Cultured Magazine

Fall 2014

Issue link:

Contents of this Issue


Page 71 of 215

70 CULTURED PHOTOS COURTESY OF STEVEN VOLPE DESIGN; DAVID LIVINGSTON (DINING ROOM) THE MAVERICK At left, a private residence in San Francisco features a Surfboard coffee table by Hun-Chung Lee; above, a dining room for a client in Northern California features an illuminated sculpture by Jeff Zimmerman above a custom dining table. What some may consider sacrilege, interior designer Steven Volpe calls deccuration; that's the title of the show he's presenting at New York's R & Company this September. "(Dec)curation," is a playful take on curated decoration and a jab at that oh so ubiquitous word. "We're taking pieces that the gallery normally shows in their raw state and putting them through our filter," explains Volpe, the San Francisco-based founder of his eponymous design firm and the art and design gallery, Hedge. "Our weavers are creating fabrics to reupholster historical pieces. We're taking tables and popping the glass out, archiving it and putting something new in its place." It's not often that R & Company hands over its floor to a guest curator (it's only happened five times in 17 years). But Volpe, who has been buying from the gallery for the last decade, caught the eye of gallery co-founders Zesty Meyers and Evan Snyderman at the FOG Design + Art fair in January, and plans quickly began to take shape. "There's depth to his interiors that's rarely seen," notes Snyderman. "Immediately there's a sense of someone who has been collecting for decades." It was one of Volpe's residential projects, a loft he's been working on for the last three years for a San Francisco couple, that was the seed for "(dec)curation." "They're really inspired people who let me do pretty groundbreaking things, and that's what I'm translating into the gallery," Volpe says. "It's about demystifying how to live with important pieces of design." Of course, it's only possible to demystify once you have a deep understanding of history and context. According to Snyderman, connoisseurship is something Volpe has in spades. "As a collector himself, Steven knows and appreciates the history of an object and enjoys sharing that story with his clients," he says. "His deep knowledge of and ability to combine art and design helps elevate his interiors beyond the well- decorated space to a more curated collection." Among the 30 pieces in the exhibition, which features furniture, lighting and large accessories, standouts include a Carlo Hauner & Martin Eisler lounge chair in hair-on hyde that's been dyed a cerulean blue and a Joaquim Tenreiro dining table updated with a glass top painted citron yellow. As a collector of contemporary works himself (including Richard Misrach, Hiroshi Sugimoto, Mel Bochner, Wolfgang Tillmans, Sterling Ruby and Jack Pierson), Volpe also emphasizes the importance of art in the show, including about 15 pieces of glasswork by Jeff Zimmerman, which will be scattered over the walls and ceiling of the gallery. "I think people will be surprised. It's kinda cool to be able to look at these historical pieces in a new light." One that's tinted citron yellow, please. In a new show at R & Company, Steven Volpe thoughtfully dismisses design rules to shed a new light on historical works. BY TALI JAFFE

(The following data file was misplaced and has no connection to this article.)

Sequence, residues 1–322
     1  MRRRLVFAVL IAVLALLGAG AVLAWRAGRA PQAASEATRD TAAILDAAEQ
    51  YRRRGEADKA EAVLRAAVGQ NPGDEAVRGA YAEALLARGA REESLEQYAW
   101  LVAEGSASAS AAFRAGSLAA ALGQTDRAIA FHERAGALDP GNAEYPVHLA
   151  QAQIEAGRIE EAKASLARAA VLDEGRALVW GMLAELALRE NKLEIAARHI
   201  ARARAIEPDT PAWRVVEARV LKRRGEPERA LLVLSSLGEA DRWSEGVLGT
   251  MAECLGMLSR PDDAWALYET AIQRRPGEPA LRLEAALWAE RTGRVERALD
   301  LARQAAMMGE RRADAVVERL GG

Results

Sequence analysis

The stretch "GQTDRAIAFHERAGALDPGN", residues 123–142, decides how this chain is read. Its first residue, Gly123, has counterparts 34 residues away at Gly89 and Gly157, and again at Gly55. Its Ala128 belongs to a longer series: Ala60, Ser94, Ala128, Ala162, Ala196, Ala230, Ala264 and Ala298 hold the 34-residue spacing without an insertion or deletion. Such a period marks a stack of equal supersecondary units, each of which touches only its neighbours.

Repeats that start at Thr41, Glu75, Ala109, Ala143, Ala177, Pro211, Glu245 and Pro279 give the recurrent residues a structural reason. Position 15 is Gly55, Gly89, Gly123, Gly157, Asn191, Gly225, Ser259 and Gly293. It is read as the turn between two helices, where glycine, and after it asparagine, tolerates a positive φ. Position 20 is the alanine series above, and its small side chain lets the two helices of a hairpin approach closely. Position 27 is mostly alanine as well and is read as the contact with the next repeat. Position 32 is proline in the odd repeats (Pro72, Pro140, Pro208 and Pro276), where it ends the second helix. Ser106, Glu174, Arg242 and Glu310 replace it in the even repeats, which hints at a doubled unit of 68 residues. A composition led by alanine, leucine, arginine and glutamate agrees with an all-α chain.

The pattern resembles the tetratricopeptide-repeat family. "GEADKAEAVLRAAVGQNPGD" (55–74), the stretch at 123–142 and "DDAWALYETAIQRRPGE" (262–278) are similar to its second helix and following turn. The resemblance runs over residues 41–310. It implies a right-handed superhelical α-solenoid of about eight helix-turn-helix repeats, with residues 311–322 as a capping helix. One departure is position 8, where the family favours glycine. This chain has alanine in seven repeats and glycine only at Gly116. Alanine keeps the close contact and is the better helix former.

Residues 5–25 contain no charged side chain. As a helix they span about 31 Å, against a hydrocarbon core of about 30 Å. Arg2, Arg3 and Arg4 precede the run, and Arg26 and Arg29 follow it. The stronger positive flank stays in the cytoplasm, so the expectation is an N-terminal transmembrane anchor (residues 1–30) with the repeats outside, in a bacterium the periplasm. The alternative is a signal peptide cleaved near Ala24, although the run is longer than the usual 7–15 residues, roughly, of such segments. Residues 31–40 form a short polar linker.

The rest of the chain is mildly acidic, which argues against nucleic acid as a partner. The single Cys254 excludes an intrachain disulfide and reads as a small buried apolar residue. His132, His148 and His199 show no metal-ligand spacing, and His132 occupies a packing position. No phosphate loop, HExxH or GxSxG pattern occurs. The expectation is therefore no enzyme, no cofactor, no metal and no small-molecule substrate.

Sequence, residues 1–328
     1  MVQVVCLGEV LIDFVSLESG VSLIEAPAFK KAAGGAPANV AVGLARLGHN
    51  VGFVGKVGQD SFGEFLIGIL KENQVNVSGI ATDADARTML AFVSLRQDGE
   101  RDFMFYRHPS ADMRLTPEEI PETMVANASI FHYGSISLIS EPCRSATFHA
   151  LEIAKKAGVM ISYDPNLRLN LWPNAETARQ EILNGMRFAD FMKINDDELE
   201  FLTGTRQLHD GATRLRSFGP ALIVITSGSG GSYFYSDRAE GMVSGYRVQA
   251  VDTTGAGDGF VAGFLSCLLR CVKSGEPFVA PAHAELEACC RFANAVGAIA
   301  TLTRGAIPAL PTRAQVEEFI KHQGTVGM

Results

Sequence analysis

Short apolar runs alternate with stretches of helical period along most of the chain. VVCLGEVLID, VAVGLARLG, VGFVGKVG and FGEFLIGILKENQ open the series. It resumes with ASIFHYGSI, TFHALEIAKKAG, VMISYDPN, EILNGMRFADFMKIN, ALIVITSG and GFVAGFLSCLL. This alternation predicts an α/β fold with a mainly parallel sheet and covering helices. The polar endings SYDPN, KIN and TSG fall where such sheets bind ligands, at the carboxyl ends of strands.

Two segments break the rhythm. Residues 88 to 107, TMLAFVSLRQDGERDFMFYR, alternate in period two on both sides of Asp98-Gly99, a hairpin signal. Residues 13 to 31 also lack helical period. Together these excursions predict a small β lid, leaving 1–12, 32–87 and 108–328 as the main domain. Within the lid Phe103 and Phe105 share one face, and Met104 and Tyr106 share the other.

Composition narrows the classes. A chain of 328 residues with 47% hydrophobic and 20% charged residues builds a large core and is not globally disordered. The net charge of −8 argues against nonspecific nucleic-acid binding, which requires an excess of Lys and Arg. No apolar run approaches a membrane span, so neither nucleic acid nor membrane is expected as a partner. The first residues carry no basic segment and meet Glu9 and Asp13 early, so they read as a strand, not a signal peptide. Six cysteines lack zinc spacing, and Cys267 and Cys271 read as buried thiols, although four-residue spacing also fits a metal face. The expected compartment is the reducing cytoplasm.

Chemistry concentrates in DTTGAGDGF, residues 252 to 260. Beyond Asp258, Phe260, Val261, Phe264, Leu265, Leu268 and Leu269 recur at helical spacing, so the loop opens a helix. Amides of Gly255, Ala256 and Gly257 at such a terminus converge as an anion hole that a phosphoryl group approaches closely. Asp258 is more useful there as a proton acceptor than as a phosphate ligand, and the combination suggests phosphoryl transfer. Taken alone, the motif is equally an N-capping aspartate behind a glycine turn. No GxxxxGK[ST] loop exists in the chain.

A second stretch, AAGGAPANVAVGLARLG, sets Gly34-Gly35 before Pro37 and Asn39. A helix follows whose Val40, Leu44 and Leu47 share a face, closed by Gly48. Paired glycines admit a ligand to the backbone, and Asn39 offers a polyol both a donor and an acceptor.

Articles in this issue

Archives of this issue

view archives of Cultured Magazine - Fall 2014